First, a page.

What Is HDD?
A hard disk drive is a data storage device that uses magnetic storage to store and retrieve digital information using one or more rigid rapidly rotating disks (platters) coated with magnetic material. The platters are padded with magnetic heads usually arranged on a moving actuator arm which read and write data on the platter surfaces.
Data is accessed in a random access memory meaning that individual blocks of data can be stored or retrieved in any order and not only sequentially. STDs are a type of non-volatile storage retaining store the data even when powered off. Introduced by IBM in 1956 H CDs became the dominant secondary storage device for general-purpose computers by the early 1960s.
More than 200 companies have produced as CDs historically though, after extensive industry consolidation, most current units are manufactured by Seagate, Toshiba and Western Digital. The primary characteristics of HDD are it’s capacity and performance capacity specified in the unit four fixes corresponding to powers of thousand of 1 TeraByte drive has a capacity of 100 gigabytes.
Where 1 GB is equal to 1 Billion bytes. The two most common form factors of hen CDs are 3.5 inches for desktop computers and 2.5 which primarily for laptops. HDDs are connected to systems by standard interface cables such as Pata Parallel, SATA serial, ATA USB or SAS serial attached SCSI cables.
SCSI pronounces Scusi and sometimes colloquially known as Scuzzy. The small computer system interface let’s look into the improvements of HDD characteristics over time. Let’s look into how they all started in 1956 and how it has been developed to 2017. So the parameters follow capacity when formatted.
It started with 3.75 MB and entered in 14 TB physical volume. 68 Cubic feet, 1.9 cubic meter, now which is just 2.1 cubic inches, that is 34 cubic centimetres. Wait, mm pumps around 910 KGs now. It is just 2 point, 2 ounces 62 grams average access time. Approximately 600 milliseconds. Now, it is just to point to 10 milliseconds read/ write depends on the lap price.
It was nine thousand two hundred US dollars per megabyte in 1961. Now, they just cost 0.32 US dollars per gigabyte by 2015. Data density two thousand bits per square inch. Now, which is one point three terabytes and inch in 2015. Average lifespan – two hundred hours. Mean time between failures back in 1956. Now they are 2.5 million hours mean time between failures in 2017.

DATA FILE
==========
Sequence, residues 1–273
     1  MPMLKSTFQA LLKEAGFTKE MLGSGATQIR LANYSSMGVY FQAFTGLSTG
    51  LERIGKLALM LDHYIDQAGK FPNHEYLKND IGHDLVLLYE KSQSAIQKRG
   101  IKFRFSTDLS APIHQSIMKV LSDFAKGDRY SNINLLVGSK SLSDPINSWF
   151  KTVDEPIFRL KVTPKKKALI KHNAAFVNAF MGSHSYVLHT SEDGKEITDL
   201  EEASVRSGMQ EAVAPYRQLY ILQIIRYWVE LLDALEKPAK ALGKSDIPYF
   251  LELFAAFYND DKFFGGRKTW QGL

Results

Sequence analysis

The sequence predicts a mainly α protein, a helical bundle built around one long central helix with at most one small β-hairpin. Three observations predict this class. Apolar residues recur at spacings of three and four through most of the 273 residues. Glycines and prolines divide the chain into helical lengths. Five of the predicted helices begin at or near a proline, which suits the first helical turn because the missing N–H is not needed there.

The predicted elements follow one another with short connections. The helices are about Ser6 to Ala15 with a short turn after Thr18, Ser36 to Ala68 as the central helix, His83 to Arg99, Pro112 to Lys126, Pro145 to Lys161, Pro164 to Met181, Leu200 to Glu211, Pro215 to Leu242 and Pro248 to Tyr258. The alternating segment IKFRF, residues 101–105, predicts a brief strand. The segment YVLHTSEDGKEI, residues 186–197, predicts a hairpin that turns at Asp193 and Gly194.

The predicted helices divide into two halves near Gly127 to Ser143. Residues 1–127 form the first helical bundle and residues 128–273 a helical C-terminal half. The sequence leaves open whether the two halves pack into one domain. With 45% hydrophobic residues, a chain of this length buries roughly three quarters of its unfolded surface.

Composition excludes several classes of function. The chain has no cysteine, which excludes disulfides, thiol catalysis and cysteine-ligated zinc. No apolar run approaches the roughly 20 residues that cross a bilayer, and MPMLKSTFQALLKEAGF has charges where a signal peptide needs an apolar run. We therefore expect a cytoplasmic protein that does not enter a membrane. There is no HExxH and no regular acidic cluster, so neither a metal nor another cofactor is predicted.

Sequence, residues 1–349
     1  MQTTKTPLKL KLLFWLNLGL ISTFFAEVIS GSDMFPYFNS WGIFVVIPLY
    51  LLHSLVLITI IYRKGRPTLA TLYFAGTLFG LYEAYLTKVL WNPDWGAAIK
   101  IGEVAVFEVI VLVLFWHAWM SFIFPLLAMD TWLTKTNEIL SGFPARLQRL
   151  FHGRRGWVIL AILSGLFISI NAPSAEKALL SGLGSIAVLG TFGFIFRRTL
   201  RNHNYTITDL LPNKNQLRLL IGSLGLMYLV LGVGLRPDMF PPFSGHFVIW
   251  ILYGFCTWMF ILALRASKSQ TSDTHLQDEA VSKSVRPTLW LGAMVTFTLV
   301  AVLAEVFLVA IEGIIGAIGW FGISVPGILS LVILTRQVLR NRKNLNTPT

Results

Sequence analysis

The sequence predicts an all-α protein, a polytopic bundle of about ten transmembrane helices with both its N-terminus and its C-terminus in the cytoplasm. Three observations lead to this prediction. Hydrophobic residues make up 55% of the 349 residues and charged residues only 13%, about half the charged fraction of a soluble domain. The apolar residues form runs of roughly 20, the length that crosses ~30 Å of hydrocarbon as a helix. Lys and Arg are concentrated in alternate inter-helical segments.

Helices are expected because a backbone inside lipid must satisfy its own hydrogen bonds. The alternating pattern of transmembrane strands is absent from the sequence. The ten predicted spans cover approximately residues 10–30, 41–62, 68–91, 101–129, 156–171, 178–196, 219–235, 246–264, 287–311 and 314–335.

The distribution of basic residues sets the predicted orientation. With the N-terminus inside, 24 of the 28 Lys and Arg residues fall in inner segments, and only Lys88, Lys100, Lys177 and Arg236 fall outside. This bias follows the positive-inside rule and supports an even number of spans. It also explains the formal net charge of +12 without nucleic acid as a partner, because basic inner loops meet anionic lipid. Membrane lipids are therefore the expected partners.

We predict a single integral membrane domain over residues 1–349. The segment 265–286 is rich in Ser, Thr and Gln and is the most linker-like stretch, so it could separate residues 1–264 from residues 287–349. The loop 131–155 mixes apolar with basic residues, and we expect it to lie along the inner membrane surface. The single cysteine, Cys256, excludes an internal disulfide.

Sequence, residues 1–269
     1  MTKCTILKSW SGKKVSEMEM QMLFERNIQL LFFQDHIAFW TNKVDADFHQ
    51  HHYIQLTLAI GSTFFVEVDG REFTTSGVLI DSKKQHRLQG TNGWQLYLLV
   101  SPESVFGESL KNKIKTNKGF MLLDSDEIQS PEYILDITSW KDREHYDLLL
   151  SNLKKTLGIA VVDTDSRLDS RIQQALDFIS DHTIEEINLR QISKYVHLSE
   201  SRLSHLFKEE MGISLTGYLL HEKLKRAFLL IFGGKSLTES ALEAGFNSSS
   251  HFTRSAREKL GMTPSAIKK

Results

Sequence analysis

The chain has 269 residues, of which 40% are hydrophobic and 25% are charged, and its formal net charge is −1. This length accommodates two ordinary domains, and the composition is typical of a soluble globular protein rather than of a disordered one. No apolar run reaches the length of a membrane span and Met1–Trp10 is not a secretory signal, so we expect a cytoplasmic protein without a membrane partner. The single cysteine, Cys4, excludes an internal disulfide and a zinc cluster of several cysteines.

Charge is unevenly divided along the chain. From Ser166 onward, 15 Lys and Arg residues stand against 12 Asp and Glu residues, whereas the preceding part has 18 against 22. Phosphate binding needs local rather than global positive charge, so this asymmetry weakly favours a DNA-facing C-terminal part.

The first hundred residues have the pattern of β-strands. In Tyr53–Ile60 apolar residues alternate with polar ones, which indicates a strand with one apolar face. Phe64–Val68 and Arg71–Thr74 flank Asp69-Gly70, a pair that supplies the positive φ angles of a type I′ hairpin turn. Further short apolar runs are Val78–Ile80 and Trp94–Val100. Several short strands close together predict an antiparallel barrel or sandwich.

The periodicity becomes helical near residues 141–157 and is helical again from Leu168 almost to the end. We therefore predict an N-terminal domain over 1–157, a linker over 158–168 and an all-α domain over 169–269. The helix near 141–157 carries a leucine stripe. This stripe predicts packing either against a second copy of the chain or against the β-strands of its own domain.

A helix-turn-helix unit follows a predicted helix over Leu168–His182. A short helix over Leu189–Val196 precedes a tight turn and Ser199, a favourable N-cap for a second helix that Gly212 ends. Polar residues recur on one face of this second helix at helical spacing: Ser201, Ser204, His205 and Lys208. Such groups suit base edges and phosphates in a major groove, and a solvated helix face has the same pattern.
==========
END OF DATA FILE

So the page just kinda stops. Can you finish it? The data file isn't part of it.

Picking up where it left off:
In-depth Comparison Between SSD & HDD
Which is better? An SSD or a Hard Drive? It is sort of like asking which is better out of a motorcycle and a Semi-Truck. Because they are not that comparable. They are just different. Let’s start with performance when it comes to raw speed. SSDs are faster. I see many folks comparing the sequential speed of an SSD to the sequential speed of a hard drive? Well they are a kind of similar but the reality of it is unless you copy large files back and forth all day, this specification is pretty much meaningless. Seriously, it has nothing to do with the way that they will do that, you will perceive the performance in the real world.
SSDs are all about little data transactions that happen all the time. All over the place when you are running something like an operating system on them. You know an instant message comes through a program launches it needs to access a ton of little files, all over the place. These are the times when not having to physically move ahead across a disk allows an SSD to utterly destroy a hard drive in terms of performance in system responsiveness. Any modern SSD will be easily several times faster than any hard drive and sometimes much more than that. That’s great but what if you have lots of data to store and that’s your main concern.
It’s not like playing back video or music files or looking at your archive of pictures requires blazing fast performance. So, this is where hard drives still excel at the time of writing this article. 160 Dollar buys you either a 256 Gigabyte SSD or a 4 Terabyte. Yes, a 16 times larger hard drive for that kind of difference in price per gig. You could be built two hard drives based storage boxes and have one of them set up as on off-site backup with the money that you saved by not using an SSD based backup solution.
For mass storage of data, we are a long way away from hard drives being replaced by SSDs. But, what about reliability. Now this one is a little bit complicated, hard drives are pretty reliable these days, but as devices with moving parts. They will die eventually. The good news is – they usually give warning signs like if your hard drive is making clicking noises right now for example, first check to make sure it has not turned into a dolphin and replace it if it is still hard drive. But the bad news is that any kind of use will wear them out for SSDs.
Reading from them a lot, don’t wear them out very much. Especially if you keep them running cool. But, if you write to them heavily, you can kill a consumer-grade model relatively quickly. So, I guess It should be put in this way – in an environment, the shock is an everyday occurrence such as in a notebook or tablet, I would choose SSD every time.